In a historic decision, the U.S. Supreme Court ruled Friday that same-sex couples have a constitutional right to marry nationwide.
Voting 5-4, the justices said states lack any legitimate reason to deprive gay couples of the freedom to marry. Justice Anthony Kennedy joined the court's four Democratic appointees in the majority, bringing gay weddings to the 14 states where they were still banned.
"The right to marry is a fundamental right inherent in the liberty of the person," Kennedy wrote. "Couples of the same sex may not be deprived of that right and that liberty."
In the wake of this historic ruling that caps the biggest civil rights transformation in a half-century, Credit Union Journal looks back to a story published earlier this year about how CUs can grow their businesses by pitching wedding-related products to same-sex couples.
Because in addition to making history, the high court has just opened a whole new market for credit unions to target.
Credit unions have long offered a variety of wedding-related products and services, with some institutions offering specific wedding loans, while others just refer to them as personal or signature loans.
Still others offer wedding registry services that allow friends and family to deposit cash into a dedicated wedding account for the newlyweds. (The Filene Research Institute piloted a similar program in 2012 known as "MatriMoney.")
Regardless of their gender makeup, many couples need as much financial help as they can get, since a recent study found the average cost of a wedding running as high as $30,000 — with one in eight couples spending $40,000 or more. (And none of those figures include the honeymoon!)
Meanwhile, Tiffany & Co. has also entered the fray, with ads for engagement rings featuring same-sex couples.
Credit unions in states across the nation that have already legalized same-sex marriage have plenty of advice and lessons for CUs eyeing this market share.
Newburg, Ind.-based Heritage FCU has offered a wedding registry service for about seven years and has seen "phenomenal" success with that product, according to Steve Bugg, chief marketing and member service officer at the $463 million credit union.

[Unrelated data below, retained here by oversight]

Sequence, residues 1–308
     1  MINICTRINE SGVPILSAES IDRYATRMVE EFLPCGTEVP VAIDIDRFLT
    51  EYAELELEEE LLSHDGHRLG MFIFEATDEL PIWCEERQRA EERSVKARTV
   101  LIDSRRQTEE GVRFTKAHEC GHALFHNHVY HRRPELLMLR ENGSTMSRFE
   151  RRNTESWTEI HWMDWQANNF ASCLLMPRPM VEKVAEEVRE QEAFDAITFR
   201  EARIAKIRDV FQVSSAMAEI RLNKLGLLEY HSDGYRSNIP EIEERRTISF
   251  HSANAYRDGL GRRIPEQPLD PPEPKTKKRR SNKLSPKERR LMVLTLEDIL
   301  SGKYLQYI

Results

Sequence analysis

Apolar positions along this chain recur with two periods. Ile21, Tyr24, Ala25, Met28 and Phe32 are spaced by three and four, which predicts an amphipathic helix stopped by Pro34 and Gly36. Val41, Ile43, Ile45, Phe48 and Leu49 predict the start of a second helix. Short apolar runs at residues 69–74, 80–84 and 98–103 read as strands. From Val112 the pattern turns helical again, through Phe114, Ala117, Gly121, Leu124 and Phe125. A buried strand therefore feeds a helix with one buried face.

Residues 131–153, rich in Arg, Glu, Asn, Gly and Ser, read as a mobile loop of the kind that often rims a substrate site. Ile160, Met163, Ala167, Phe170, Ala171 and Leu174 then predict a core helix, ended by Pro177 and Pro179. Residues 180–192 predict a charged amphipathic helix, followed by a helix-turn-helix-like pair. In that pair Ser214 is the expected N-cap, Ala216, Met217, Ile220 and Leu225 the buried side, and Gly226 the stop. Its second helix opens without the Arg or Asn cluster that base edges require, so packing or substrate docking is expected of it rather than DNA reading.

"We position it as an alternative to a physical gift," explained Bugg. "There's been a lot of couples that have told us they may already have two households set up or they feel like they have enough for their combined household that they don't necessarily need gifts. So they look at this as an option when talking to friends, family and loved ones."
Same-sex marriage was legalized in Indiana in October 2014, but Bugg said Heritage doesn't track what sorts of couples ask for the product and he hasn't heard of interest yet from gay couples.
Rather than targeting specific market segments, HFCU aims for individuals that need this sort of savings product. Not only has it helped the CU grow its membership, he added, but members who use the product tend to keep those funds in the credit union after the wedding, rather than withdrawing them and moving them to another institution.
Same Product, Regardless of Sexuality
Mid-Atlantic FCU in Germantown, Md., also offers a wedding loan product.
But instead of issuing the funds all at once, MAFCU makes the money — up to $20,000 — available as a line of credit that members can tap into as needed throughout the wedding-planning process.
VP of Marketing Marc Wilensky said the product is popular, and one that could easily translate to same-sex couples — though there hasn't yet been much interest from that audience. (Same-sex marriage was legalized in Maryland in January 2013.)
"I think same-sex couples probably have the same financial challenges as a more traditional bride and groom have, so I wouldn't see why [the product wouldn't work for those couples]," Wilensky told Credit Union Journal. "I know from talking to wedding planners in the area that they've seen an increase in business from same-sex couples, and I get the sense from talking to event planners that [LGBTQ couples] want to have the same elaborate wedding and the same financial challenges that they try to cover the expenses of as a traditional couple does."